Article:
Monday, 31 December 2012

Change Your Life by Changing Your Body Language

Nearly everyone is influenced by “nonverbals” — feelings and messages that are emoted by body language. From the expression on your face to the way you sit, stand, or walk, your body language is telling someone how to measure you up — and that includes yourself.
Amy Cuddy is a social psychologist, professor, and researcher at Harvard Business School, where she studies how nonverbal behavior and snap judgments affect human perceptions. Her research reveals that we can change other people’s perceptions, and even our own body chemistry, simply by changing body positions.
She’s especially interested in nonverbal expressions of power and dominance. For example, a broadening of the arms and legs is a nonverbal form of dominance that both humans and primates employ.
Or, throwing your arms wide apart in the air is an expression of both pride and power — even sightless persons who’ve never had a chance to see how others physically express their pride will display feelings of pride in this way.
Lacing your fingers behind your head with elbows pointed outward and your feet resting on your desk sends a message that you’re a strong, high-powered individual.
Reiterate your power without saying a word by standing and leaning forward with your hands on your desk. But change your position by locking your arms close to your body with your hands folded, or stand with your arms and legs crossed tightly and, suddenly, you’re perceived as submissive, weak and vulnerable.

Change Your Position and Change Your Brain

What’s fascinating is that you can evoke these feelings of power, dominance, or submission in yourself by simply assuming the different positions and holding them for as little as two minutes. That’s because your body can change your mindset, and your mindset can change your behavior. And once your behavior changes, you can change outcomes in your life — all in the way you position your body.
As Cuddy explains in this entertaining and informative video, her studies demonstrate physiological proof that your body actually does change your mindset and the way you perceive yourself. This happens because powerful hormonal changes occur in the cortisol and testosterone levels in your brain as you assume a position.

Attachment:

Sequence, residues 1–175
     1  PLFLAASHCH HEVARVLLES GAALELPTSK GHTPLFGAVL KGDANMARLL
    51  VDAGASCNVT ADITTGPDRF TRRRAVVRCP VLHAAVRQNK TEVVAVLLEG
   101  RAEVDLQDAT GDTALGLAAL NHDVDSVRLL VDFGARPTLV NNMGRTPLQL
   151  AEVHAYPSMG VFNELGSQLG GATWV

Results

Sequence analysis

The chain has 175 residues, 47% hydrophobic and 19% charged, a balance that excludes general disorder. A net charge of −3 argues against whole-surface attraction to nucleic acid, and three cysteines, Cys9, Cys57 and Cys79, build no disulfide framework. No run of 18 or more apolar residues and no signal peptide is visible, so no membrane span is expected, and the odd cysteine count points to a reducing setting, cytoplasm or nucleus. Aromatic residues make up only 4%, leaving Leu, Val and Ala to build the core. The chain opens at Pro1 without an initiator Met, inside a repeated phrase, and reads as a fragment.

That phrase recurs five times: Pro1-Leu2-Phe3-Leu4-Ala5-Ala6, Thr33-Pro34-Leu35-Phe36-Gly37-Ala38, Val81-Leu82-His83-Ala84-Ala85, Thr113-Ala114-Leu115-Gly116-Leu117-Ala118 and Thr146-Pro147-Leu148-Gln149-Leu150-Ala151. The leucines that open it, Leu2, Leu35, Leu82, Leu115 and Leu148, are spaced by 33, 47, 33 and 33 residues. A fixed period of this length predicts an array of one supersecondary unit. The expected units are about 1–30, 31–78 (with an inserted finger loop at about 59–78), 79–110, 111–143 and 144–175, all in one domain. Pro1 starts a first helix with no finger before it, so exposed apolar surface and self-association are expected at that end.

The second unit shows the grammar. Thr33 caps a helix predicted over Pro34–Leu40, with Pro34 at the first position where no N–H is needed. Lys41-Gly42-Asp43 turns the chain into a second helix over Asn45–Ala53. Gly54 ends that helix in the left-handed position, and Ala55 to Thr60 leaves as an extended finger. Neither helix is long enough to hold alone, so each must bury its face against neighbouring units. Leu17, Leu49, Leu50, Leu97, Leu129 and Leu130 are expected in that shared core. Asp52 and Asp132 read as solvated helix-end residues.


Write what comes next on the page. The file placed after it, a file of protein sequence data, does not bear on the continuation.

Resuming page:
Depending on the position, your cortisol and testosterone levels will rise and fall — and your subconscious feelings of power or submission will directly correlate with those levels. Sit in a submissive way for just a couple minutes and, inexplicably, you’re not as likely to make assertive decisions. But change the pose to a powerful stance and a couple minutes later with no prompting, you feel like you’re in charge — assertive and comfortable with making high-power decisions, even when they’re a gamble.
Cuddy calls this “power posing.” But can power posing for a few minutes actually change your life in a meaningful way? Yes, she says.
Try her tested methods for exhibiting power and confidence, and learn how just a few tweaks to your body language can change both your personal perception of yourself and your life. From speaking engagements to job interviews to your performance on the job and many other situations, you can change how others perceive you, and ultimately change your life by purposely adopting a new body language.

Fake It ‘Till You Make It and Become It

But what if you think this isn’t real and it can’t last because it’s only temporary while you’re consciously posing? “Fake it ‘till you make it,” she advises, but don’t stop there: fake it until you become it — powerful, confident and proud to be you.
Two minutes, she says: two minutes, two minutes, two minutes. Think it, power-pose it, and configure your brain for whatever you want to be for just two minutes before any stressful situation, and then keep doing it. Before you know it, you’ll not only be better at whatever it is you want to achieve, but you will become it.
And then, she says, share it so that others can change the outcomes of their lives too.

This article was written by the Dr. Mercola at For additional information on this topic and articles, please visit his website. 

Wednesday, 5 December 2012

Too Little Sleep May Fuel Insulin Resistance

By Dr. Mercola
If you're sleep deprived for a night or two (or more), you expect to feel groggy and irritable.
But losing sleep impacts your body on a far deeper level, too, increasing your risk of obesity and chronic diseases like diabetes.
New research has shed some light onto why sleep deprivation may be so damaging to your health, as it linked lack of sleep to serious impairments in the way your body responds to the hormone insulin.